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Zack Hutchins
Director of Communications

February 4, 2000

Encyclopedia of New York will be an 'informational Erie Canal'

Syracuse University Press has launched an ambitious effort to produce The Encylopedia of New York State-the first reference work of its kind to be published in more than 50 years.

The publishers say their purpose is to produce an "informational Erie Canal," to bind the state together and show the linkages among all regions and all peoples of the state. Publication is scheduled for 2002.

Despite New York's central role in American history and in the nation's cultural and economic life, there are few reference works with authoritative information about the state-and none with the breadth of coverage planned for this encyclopedia.

The one-volume print edition of the encyclopedia will consist of some 1,500 pages, with some 4,000 articles, 500 illustrations, 120 maps and 140 tables. An electronic edition will be even more extensive.

A team of editors has been at work on the project for more than a year. The publisher expects to recruit as many as 500 scholars and other contributors to write articles pertaining to their specific areas of expertise.

Syracuse University Press currently has more than 125 books in print, and has a 55-year tradition of producing award-winning books reflecting the diversity of New York State's history, art and culture.

The encyclopedia will include extensive coverage of New York's economic history and business community. Syracuse University Press is asking businesses statewide for information that would be of value in the project, and also for sponsorships that will help offset the cost.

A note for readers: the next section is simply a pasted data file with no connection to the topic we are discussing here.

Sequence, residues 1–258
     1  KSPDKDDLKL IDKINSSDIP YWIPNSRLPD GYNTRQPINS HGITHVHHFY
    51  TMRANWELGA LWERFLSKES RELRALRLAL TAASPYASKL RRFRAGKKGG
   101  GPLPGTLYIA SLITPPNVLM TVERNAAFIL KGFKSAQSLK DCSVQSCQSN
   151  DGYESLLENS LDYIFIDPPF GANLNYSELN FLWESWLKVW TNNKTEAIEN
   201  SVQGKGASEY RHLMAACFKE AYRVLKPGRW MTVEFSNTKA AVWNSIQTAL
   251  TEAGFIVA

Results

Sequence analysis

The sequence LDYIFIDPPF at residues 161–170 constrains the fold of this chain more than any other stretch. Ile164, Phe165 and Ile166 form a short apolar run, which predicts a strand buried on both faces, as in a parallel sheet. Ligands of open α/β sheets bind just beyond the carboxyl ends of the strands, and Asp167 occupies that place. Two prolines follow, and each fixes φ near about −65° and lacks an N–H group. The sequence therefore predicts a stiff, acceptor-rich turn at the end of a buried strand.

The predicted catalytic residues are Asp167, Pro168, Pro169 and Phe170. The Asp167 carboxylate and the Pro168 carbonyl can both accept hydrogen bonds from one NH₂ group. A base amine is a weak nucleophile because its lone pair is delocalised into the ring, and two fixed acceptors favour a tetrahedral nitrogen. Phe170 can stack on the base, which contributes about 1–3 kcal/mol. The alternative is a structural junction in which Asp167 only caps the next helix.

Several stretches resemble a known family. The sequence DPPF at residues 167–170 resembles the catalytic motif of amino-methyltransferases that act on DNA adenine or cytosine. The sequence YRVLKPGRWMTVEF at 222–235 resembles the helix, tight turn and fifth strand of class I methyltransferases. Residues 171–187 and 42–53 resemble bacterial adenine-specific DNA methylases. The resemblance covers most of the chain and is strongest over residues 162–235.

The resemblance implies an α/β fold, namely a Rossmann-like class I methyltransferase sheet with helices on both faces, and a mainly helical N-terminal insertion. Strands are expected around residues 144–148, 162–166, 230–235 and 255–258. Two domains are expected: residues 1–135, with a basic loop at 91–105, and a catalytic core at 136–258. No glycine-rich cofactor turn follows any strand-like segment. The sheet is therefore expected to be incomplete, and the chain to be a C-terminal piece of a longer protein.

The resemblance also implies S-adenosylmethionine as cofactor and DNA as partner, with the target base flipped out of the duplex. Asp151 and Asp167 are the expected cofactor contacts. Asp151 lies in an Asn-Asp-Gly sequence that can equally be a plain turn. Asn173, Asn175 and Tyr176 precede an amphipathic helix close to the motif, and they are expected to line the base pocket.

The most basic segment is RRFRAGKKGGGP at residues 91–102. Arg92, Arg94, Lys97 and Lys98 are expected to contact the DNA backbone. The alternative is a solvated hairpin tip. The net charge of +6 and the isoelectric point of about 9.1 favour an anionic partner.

The project was planned from the outset as a public-private partnership.

State funding has been provided through the leadership of Sen. John A. DeFrancisco of Syracuse, and the project is housed by the state Education Department at the Cultural Education Center in Albany.

Twelve companies and foundations-headed by the GE Fund and the Gifford Foundation-have already provided financial support. Additional private backing is needed to keep the cover price in an affordable range, and to make the book available to a wide range of schools and libraries.

All 780 public libraries in the state will receive a free copy of the encyclopedia as a gift from the state. But an important objective of the publishers is to secure funding to place the work in schools, as well. The electronic edition of the work will have interactive features designed for classroom use, and Syracuse University Press is also producing a teacher's manual for both print and electronic formats.

For information, call 315/443-5535, or visit http://encyclopediaNYS.syr.edu.2220.